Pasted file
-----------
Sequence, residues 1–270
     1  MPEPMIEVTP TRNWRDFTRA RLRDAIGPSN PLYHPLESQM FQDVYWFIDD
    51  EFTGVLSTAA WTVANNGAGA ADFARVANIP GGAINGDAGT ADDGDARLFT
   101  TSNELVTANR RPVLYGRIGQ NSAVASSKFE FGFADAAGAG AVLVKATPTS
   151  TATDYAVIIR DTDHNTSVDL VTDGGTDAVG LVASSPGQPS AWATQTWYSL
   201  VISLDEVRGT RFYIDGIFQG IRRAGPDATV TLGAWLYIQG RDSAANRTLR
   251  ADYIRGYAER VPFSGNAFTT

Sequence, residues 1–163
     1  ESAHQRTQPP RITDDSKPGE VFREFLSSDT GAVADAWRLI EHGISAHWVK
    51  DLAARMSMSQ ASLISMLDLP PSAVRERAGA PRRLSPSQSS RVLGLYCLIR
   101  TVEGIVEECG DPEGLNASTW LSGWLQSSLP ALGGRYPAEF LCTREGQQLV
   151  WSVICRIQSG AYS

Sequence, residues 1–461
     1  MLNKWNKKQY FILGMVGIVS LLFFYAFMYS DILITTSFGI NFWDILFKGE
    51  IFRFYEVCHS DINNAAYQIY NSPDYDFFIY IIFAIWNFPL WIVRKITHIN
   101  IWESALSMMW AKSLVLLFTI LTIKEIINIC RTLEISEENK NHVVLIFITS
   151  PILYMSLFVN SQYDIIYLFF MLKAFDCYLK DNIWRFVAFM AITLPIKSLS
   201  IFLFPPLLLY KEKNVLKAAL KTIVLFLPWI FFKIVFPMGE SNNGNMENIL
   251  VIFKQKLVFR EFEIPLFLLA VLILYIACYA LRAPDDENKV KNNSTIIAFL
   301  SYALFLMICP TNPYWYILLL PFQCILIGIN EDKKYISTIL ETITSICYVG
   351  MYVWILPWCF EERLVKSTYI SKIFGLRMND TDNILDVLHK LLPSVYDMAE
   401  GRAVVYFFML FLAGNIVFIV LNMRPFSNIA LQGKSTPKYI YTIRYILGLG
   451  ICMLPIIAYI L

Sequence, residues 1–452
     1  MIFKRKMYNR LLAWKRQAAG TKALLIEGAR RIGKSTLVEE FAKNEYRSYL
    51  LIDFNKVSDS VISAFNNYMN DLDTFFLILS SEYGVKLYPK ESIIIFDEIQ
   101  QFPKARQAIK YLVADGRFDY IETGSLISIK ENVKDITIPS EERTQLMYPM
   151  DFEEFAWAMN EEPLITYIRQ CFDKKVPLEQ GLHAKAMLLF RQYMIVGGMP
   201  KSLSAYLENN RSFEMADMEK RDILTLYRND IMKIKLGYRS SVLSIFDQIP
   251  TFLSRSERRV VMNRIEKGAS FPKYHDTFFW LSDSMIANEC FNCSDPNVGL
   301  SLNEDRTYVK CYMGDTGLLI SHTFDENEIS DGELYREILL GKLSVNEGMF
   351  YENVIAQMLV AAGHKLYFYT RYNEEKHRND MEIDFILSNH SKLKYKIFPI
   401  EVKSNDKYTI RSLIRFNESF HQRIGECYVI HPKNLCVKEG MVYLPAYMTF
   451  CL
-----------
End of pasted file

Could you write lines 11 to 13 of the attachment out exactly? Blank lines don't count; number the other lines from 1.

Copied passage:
   101  TVEGIVEECG DPEGLNASTW LSGWLQSSLP ALGGRYPAEF LCTREGQQLV
   151  WSVICRIQSG AYS

Sequence, residues 1–461